When we install a Linux distribution, we see that a number of directories are created. These created directories may be the same or partially different on various Linux distributions. You might know about the directory structures & what purpose they serve.
For those of you who don’t know about the Linux directory structure or have partial knowledge or just want to relook on Linux directory structure & its usage, this article will act as a reference guide.
We will start out this article with the Linux directories/partitions that are a must for every Linux system & are required for the Linux system to work properly.
These partitions are ‘/’ (root), ‘/boot’, ‘/swap’. Though the ‘/’ (root), ‘/boot’ partitions are absolutely required but a system might work without a swap partition. However, it's recommended that we have one for our Linux system.
Now let’s start out with these Linux partitions & their purpose,
(Recommended Read: Linux Commands for Beginners (Part 1) )
(Also Read: Linux Commands for Beginners (Part 2) )
Linux Directory structure explained
- ‘/’ (root) - / or root partition is one of the most important partitions for a Linux machine. This is the partition where all other Linux partitions are. So this is the basis of Linux directory structure.
- ‘/boot’- Another important partition, boot partition contains all the startup files, kernel files & VMLinuz. In the recent, new Linux distribution, it also holds the Grub data as well.
- ‘/swap’- Swap partition acts as a virtual memory/RAM for the system & is used when your system runs out of the physical RAM. Though usually, it’s a separate partition, we can also use a file to act as swap space.
The above-mentioned are the bare minimum partitions that are required to run a Linux system. Below mentioned are other partitions in Linux directory structure,
- ‘/root’- This is the home directory/partition for the administrative user i.e. root.
- ‘/home’- This is the directory that contains the home directory for all users other than superuser root.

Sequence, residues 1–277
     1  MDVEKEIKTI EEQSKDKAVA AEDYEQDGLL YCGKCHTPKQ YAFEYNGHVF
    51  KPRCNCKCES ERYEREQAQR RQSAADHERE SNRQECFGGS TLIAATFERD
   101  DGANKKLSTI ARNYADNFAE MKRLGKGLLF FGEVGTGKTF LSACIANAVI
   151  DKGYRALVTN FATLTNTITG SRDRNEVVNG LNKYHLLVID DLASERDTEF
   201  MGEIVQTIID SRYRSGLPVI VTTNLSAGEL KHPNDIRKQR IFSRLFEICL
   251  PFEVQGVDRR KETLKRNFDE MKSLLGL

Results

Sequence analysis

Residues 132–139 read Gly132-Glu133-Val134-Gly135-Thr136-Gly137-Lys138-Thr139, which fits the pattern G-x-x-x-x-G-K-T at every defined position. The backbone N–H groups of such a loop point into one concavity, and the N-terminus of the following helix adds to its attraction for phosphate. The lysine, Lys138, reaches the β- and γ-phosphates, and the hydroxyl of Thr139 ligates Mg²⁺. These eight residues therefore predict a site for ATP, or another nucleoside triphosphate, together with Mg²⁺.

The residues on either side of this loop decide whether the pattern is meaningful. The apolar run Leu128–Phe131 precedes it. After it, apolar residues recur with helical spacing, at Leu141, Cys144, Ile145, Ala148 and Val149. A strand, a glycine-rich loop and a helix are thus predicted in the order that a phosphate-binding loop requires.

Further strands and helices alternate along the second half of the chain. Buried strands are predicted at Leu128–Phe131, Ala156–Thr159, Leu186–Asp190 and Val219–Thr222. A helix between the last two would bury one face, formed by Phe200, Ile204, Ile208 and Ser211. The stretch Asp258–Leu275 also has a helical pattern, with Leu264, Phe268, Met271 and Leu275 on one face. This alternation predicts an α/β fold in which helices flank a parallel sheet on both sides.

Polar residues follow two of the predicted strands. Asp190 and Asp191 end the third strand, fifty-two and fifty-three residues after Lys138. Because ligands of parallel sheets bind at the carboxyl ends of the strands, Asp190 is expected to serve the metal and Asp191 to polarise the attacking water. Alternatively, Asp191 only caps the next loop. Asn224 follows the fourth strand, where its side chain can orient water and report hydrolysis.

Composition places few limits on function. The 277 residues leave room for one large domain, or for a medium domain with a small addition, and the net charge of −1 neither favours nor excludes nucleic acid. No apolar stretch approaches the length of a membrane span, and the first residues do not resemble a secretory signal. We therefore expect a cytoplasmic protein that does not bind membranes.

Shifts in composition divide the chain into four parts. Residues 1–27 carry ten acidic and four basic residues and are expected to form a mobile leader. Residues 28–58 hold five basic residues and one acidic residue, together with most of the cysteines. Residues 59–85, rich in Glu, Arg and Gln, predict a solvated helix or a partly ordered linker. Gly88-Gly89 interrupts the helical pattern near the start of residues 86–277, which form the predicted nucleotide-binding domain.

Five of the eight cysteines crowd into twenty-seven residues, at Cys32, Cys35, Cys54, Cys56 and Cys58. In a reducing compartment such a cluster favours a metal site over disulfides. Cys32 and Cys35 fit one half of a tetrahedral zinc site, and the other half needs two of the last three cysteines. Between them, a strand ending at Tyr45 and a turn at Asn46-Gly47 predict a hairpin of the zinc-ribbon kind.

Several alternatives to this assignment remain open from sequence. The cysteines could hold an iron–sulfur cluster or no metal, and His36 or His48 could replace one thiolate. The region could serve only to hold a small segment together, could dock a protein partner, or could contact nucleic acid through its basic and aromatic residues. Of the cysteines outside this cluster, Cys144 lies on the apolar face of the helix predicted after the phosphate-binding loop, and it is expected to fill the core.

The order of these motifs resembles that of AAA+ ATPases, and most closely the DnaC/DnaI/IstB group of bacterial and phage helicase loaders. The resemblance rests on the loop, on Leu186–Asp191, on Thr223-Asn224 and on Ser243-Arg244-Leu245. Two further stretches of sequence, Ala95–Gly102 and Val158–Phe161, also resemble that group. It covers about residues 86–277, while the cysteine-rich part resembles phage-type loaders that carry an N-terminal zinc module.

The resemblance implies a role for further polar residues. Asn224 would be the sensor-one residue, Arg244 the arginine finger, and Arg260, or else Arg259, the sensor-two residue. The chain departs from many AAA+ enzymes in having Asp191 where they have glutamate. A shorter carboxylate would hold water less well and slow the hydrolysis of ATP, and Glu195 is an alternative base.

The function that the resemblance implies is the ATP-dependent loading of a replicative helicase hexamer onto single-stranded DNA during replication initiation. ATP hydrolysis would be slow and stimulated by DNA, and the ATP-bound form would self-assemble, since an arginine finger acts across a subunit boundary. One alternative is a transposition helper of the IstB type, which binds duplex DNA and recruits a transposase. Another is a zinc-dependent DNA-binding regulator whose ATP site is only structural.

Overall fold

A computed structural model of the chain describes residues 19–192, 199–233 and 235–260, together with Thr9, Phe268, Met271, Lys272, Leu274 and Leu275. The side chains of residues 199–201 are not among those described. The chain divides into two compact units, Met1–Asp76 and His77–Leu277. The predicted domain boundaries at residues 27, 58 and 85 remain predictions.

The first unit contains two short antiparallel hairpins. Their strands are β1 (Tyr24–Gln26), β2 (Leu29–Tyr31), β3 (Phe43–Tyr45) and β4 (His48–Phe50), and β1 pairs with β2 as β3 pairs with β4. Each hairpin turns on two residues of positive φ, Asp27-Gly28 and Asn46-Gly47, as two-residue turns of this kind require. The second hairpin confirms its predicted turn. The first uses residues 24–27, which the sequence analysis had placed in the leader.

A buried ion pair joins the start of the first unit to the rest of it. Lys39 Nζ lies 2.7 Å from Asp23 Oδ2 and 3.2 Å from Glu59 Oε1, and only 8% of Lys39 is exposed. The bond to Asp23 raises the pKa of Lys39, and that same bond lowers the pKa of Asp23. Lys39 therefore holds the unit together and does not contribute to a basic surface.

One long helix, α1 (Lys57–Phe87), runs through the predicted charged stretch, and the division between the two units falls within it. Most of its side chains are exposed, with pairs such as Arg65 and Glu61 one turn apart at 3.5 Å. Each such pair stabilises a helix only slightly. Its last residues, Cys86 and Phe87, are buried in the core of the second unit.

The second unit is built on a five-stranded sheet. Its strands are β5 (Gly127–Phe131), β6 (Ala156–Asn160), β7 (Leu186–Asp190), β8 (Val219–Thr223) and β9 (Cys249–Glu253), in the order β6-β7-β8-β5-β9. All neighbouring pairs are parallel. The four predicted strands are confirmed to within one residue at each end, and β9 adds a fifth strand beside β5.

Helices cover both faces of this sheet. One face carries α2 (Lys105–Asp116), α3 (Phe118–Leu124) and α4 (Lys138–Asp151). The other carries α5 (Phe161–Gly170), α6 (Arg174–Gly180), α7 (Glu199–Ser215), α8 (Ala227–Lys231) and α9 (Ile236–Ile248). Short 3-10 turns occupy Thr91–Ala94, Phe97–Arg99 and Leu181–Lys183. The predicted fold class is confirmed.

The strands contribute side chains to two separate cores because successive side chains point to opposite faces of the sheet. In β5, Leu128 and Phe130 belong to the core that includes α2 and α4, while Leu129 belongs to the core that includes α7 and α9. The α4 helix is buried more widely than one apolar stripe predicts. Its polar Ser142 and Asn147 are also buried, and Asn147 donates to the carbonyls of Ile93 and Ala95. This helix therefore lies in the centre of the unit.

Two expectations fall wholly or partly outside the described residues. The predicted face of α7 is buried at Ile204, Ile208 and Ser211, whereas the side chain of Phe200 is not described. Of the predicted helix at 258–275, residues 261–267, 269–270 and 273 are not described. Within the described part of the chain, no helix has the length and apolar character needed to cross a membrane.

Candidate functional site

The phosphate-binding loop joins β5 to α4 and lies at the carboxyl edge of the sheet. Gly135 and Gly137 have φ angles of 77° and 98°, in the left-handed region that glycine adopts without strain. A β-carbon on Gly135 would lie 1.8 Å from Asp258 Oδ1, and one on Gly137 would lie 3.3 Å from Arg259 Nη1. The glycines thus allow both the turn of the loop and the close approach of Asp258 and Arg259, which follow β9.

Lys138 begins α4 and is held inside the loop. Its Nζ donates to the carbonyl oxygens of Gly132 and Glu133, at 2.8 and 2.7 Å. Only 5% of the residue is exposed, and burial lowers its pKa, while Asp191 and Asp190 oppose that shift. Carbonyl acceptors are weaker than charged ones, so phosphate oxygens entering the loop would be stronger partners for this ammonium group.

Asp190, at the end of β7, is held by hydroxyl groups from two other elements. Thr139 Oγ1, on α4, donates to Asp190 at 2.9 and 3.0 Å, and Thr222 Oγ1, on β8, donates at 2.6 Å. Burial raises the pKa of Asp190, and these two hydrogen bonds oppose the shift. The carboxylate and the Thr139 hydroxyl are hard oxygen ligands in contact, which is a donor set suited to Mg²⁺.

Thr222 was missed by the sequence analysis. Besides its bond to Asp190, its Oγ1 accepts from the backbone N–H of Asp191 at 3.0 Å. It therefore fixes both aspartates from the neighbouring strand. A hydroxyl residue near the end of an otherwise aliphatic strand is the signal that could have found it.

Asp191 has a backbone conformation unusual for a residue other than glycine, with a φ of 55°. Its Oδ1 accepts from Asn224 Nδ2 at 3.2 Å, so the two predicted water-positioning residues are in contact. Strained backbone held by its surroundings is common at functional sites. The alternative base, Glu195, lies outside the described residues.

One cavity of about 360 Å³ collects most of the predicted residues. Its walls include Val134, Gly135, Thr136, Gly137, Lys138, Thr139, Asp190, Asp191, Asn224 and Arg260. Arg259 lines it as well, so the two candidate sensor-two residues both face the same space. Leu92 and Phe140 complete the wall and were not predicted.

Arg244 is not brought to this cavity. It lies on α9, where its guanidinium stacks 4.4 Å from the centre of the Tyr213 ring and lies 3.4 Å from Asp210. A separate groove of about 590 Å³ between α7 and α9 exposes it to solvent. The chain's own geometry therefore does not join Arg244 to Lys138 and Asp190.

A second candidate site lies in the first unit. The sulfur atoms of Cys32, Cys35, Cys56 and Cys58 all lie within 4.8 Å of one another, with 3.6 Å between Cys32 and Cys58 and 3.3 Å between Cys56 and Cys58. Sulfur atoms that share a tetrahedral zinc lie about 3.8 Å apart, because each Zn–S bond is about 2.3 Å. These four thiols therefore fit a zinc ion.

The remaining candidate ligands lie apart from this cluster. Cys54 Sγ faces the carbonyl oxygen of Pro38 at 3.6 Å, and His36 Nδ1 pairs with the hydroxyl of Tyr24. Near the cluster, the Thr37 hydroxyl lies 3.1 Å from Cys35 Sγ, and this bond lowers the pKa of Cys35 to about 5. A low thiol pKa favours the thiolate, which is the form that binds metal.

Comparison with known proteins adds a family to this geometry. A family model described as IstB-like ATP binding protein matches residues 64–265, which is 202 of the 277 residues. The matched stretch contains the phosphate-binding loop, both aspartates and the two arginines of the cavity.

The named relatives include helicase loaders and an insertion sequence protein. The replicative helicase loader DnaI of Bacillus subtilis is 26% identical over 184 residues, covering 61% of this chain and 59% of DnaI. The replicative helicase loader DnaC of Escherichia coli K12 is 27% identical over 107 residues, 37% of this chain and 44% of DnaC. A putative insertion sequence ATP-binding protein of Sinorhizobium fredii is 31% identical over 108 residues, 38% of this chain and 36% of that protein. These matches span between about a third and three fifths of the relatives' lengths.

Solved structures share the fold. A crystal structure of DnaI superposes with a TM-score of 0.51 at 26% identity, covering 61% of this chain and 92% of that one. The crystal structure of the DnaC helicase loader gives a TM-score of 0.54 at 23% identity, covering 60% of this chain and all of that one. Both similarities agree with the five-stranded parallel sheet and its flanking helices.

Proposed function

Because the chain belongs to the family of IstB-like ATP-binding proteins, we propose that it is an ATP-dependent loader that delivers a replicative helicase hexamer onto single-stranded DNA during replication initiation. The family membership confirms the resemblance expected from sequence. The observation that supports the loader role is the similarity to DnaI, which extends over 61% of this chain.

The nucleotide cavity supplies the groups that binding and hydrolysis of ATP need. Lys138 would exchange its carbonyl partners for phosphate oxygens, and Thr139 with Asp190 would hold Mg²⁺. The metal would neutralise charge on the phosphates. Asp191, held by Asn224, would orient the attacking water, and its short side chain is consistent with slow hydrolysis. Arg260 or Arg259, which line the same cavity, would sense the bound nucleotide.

- ‘/etc’- These partitions hold all the important configuration files for the system. One can also compare this partition to the control panel on the Windows system.
- ‘/bin’- This directory contains the common programs that are shared among administrative users, common users & the system.
- ‘/sbin’- contains all the programs that are used by the system & system administrators.
- ‘/initrd’- This directory contains the system library files, files for the system that are needed by the system or other programs to run.
- ‘/mnt’- this directory acts as a default mount point for all external devices like USB storage devices, CD-DVD ROM, etc.
- ‘/opt’- It's used as an installation folder for extra software & 3rd party software.
- ‘/var’- This folder is the default storage for all the variable files created by users, like log files, mail queue, etc. This folder also contains some temporary files.
- ‘/proc’- This virtual file system contains complete information regarding the system resources.
- ‘/tmp’- This partition acts as a temporary space for use by the system. Files are stored temporarily on this partition & are cleaned after every reboot.
- ‘lost+found’- Every partition has a lost+found directory in its upper directory. This serves as storage for those files that were saved during failures.
- ‘/usr’ – This partition mainly has all documentation of user-related programs. It also contains some user-related programs & libraries.
- ‘/misc’- This partition is used by the system for miscellaneous purposes.
This is our article that will act as a reference guide for Linux directory structure. Please feel free to send in any questions or queries you have using the comment box below. Suggestions are also welcome.